Abstract Title

Phosphoproteomic changes in the retina following optic nerve crush

Presenter Name

Yang Liu

Abstract

Purpose: Phosphorylation is a major type of protein post-translational modification. The identification and characterization of protein phosphorylation changes in disease models is an effective strategy to delineate the underlying disease mechanisms. In this study, we evaluated the phosphoproteomic changes in the retina induced by optic nerve crush (ONC) in the mouse.

Methods: Intraorbital ONC was performed in adult C57BL6/J mice. Retinas were collected at 0, 6, and 12 h following optic nerve injury. Retinal proteins labeled with CyDye-C2 were subjected to 2D-PAGE. 2D gel phosphoprotein immunostaining was performed, followed by in-gel image analysis. Proteins with significant changes in phosphorylation in retinas of the injured eyes compared to the control eyes were spot-picked, tryptic digested, and peptide fragments were analyzed by MALDI-TOF (MS) and TOF/TOF (tandem MS/MS). Identified proteins were validated by Western blotting and immunofluorescence staining.

Results: Intraorbital ONC increased phosphorylation of many retinal proteins. Among them, 96 were spot-picked and identified. An initial DAVID analysis showed that these proteins fall into several specific biological themes, such as apoptosis, survival, and regeneration of neurons, as well as glial activation. One of the identified phosphoproteins, PEA-15, has been confirmed by Western blot analysis; ONC increased phosphorylation of this protein without affecting its expression level. Immunofluorescence staining using phospho-PEA-15-specific antibody demonstrated that increased phosphorylated PEA-15 co-localized with GFAP, a marker for Müller cells and astroglia in the retina.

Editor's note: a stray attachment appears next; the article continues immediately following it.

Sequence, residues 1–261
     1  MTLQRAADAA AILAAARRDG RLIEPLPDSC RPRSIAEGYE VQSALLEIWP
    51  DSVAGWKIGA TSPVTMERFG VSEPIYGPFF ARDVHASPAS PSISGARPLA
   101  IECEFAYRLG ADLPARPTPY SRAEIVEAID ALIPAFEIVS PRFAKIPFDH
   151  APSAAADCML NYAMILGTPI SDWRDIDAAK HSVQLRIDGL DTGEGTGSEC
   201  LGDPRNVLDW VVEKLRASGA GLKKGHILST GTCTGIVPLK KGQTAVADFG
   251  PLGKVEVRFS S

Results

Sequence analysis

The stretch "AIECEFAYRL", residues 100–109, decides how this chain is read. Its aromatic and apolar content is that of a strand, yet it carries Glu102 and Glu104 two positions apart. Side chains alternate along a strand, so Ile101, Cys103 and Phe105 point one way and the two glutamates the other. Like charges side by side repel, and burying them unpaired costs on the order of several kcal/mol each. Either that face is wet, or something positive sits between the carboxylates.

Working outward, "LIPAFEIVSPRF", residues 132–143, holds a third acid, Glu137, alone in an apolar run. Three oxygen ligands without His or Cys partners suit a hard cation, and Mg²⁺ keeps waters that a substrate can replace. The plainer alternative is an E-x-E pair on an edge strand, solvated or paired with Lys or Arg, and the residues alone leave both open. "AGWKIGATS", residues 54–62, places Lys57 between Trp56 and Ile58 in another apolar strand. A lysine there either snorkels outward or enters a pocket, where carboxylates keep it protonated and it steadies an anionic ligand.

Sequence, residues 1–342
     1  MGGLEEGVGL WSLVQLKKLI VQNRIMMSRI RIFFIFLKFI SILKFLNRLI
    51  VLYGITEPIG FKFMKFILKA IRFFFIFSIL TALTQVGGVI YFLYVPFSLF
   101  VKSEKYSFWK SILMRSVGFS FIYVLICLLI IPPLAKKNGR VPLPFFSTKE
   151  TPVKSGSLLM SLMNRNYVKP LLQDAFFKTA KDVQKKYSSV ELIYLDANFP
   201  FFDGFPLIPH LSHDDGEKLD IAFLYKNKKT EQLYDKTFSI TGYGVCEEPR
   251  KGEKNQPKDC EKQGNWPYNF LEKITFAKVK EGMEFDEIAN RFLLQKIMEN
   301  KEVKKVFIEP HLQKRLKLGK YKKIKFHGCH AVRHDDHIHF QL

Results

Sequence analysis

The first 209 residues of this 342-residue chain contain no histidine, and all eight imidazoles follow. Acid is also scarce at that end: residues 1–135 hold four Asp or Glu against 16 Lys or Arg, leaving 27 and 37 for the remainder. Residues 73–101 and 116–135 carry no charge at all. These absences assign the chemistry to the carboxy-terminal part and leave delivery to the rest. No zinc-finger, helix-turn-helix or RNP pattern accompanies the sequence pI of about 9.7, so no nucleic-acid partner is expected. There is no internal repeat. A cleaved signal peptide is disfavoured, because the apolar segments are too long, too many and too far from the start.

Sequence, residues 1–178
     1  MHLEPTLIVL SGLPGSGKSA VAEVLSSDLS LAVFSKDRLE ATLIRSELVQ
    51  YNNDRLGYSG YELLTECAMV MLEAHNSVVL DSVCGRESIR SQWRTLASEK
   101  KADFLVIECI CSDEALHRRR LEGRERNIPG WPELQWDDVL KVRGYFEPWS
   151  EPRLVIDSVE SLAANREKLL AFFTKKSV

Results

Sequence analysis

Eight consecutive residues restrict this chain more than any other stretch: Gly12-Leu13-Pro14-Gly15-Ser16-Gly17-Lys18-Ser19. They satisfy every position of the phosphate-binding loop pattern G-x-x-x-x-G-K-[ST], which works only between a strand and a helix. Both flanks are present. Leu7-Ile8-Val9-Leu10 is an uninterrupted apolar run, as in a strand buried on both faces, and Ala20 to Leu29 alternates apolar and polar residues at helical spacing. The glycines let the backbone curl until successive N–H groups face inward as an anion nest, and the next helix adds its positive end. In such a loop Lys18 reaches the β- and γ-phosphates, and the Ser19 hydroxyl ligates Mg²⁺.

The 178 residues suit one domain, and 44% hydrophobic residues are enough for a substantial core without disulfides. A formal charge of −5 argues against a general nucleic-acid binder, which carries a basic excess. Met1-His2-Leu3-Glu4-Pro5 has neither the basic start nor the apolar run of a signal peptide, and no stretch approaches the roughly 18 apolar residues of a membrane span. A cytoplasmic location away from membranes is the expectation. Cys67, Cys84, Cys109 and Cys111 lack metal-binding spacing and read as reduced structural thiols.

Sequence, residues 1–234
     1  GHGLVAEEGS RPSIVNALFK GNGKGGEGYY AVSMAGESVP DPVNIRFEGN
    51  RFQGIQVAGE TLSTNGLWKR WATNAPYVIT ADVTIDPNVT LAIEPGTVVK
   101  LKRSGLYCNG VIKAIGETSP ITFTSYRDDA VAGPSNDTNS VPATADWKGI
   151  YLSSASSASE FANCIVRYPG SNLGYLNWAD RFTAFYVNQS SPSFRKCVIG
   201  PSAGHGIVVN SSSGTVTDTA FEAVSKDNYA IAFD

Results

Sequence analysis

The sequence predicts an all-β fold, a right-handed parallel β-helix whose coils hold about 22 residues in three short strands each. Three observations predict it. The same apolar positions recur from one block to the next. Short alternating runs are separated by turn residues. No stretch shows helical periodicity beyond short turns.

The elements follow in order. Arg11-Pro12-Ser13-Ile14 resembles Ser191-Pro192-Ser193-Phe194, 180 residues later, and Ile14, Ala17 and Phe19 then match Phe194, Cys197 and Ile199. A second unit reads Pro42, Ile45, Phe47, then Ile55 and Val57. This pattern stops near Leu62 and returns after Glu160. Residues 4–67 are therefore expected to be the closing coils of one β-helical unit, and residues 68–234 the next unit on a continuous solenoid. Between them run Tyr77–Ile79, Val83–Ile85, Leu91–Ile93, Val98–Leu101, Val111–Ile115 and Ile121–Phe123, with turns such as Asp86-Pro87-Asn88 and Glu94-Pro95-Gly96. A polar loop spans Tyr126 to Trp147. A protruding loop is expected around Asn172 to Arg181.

Conclusions: This study provides new insights into mechanisms of retinal ganglion cell degeneration after optic nerve injury, as well as central nervous system (CNS) neurodegeneration, since the retina is an extension of the CNS. These new insights will lead to novel therapeutic targets for retinal and CNS neurodegeneration.

Presentation Type

Poster

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Phosphoproteomic changes in the retina following optic nerve crush

Purpose: Phosphorylation is a major type of protein post-translational modification. The identification and characterization of protein phosphorylation changes in disease models is an effective strategy to delineate the underlying disease mechanisms. In this study, we evaluated the phosphoproteomic changes in the retina induced by optic nerve crush (ONC) in the mouse.

Methods: Intraorbital ONC was performed in adult C57BL6/J mice. Retinas were collected at 0, 6, and 12 h following optic nerve injury. Retinal proteins labeled with CyDye-C2 were subjected to 2D-PAGE. 2D gel phosphoprotein immunostaining was performed, followed by in-gel image analysis. Proteins with significant changes in phosphorylation in retinas of the injured eyes compared to the control eyes were spot-picked, tryptic digested, and peptide fragments were analyzed by MALDI-TOF (MS) and TOF/TOF (tandem MS/MS). Identified proteins were validated by Western blotting and immunofluorescence staining.

Results: Intraorbital ONC increased phosphorylation of many retinal proteins. Among them, 96 were spot-picked and identified. An initial DAVID analysis showed that these proteins fall into several specific biological themes, such as apoptosis, survival, and regeneration of neurons, as well as glial activation. One of the identified phosphoproteins, PEA-15, has been confirmed by Western blot analysis; ONC increased phosphorylation of this protein without affecting its expression level. Immunofluorescence staining using phospho-PEA-15-specific antibody demonstrated that increased phosphorylated PEA-15 co-localized with GFAP, a marker for Müller cells and astroglia in the retina.

Conclusions: This study provides new insights into mechanisms of retinal ganglion cell degeneration after optic nerve injury, as well as central nervous system (CNS) neurodegeneration, since the retina is an extension of the CNS. These new insights will lead to novel therapeutic targets for retinal and CNS neurodegeneration.